Funding awarded: development (Number 9 Films slate); £903,077 (production)

West is West
Directed by Andy De Emmony and written by Ayub Khan Din, West is West is the sequel to the internationally acclaimed and successful East is East, which takes the Khan family on a journey from Salford, England to rural Pakistan. Cast includes Om Puri, Linda Bassett, Aqib Khan, Emil Marwa, Jimi Mistry, Veejay Raaz, Lesley Nicol and Ila Arun. Produced by Leslee Udwin, Assassin Films.
Funding awarded: £106,956 (development)


The UK Film Council is also supporting the development of new projects from a range of talent, including:

  • Award-winning director Lynne Ramsay (Morvern Callar, Ratcatcher), whois currently developing her upcoming feature We Need To Talk About Kevin;
  • Oscar® and Cannes winning director Andrea Arnold (Fish Tank, Red Road), who is working on an original idea called The Cleaner;
  • Bestselling author Nick Hornby, Oscar®-nominated for An Education, who is co-writing family animation The Babymakers withGiles Smith;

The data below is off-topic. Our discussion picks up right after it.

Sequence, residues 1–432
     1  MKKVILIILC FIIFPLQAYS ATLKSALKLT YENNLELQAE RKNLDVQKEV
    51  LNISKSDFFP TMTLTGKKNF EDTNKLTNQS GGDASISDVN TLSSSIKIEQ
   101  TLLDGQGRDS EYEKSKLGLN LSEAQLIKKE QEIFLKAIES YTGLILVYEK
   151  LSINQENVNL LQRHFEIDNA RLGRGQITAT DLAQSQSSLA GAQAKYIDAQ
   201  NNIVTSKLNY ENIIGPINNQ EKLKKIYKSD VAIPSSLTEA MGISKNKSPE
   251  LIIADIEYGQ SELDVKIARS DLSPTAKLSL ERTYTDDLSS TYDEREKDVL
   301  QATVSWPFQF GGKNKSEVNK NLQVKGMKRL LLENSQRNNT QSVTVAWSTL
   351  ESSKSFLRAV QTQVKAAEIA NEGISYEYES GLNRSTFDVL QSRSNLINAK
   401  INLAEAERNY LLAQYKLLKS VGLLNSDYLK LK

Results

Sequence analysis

• Award-winning author Sadie Jones who is adapting her debut novel The Outcast for John Madden (Shakespeare in Love) to direct;
  • Lee Hall, award-winning writer of Billy Elliot, currently working on For The End of Time about French musical genius, Olivier Messiaen;
  • Oliver Hirschbiegel, director of Five Minutes of Heaven, currently working with the Bond writers Neal Purvis and Robert Wade on mafia thriller Corsica 72;
  • Conor McPherson (The Eclipse), who is writing a ghost story Strangers to be directed by Oscar®-winning director James Marsh;
  • Leading British author Jeanette Winterson (Oranges are Not the Only Fruit), writing her screen debut Gertrude and Alice about Gertrude Stein and Alice B Tokles;
  • Hanif Kureishi, the renowned novelist, playwright, screenwriter and filmmaker, who is adapting Aravind Adiga’s Man Booker Prize-winning novel The White Tiger;
  • John Crowley (Boy AIs Anybody There?), developing his new project Iggy, about the Jamaica-based Sister Iggy, the nun who nurtured reggae;
  • Actor Paddy Considine,(Dead Man’s ShoesMy Summer of Love), who is writing and directing his first feature The Journeyman;
  • BAFTA-winning screenwriter Jeremy Brock (The Last King of Scotland), currently writing The Spare about Prince Harry, to be directed by Peter Kosminsky, and also working on How I Live Now, based on the novel by Meg Rosoff;
  • James Watkins, breakthrough director of BIFA award-winning film Eden Lake, whois developing his next, as yet untitled, project;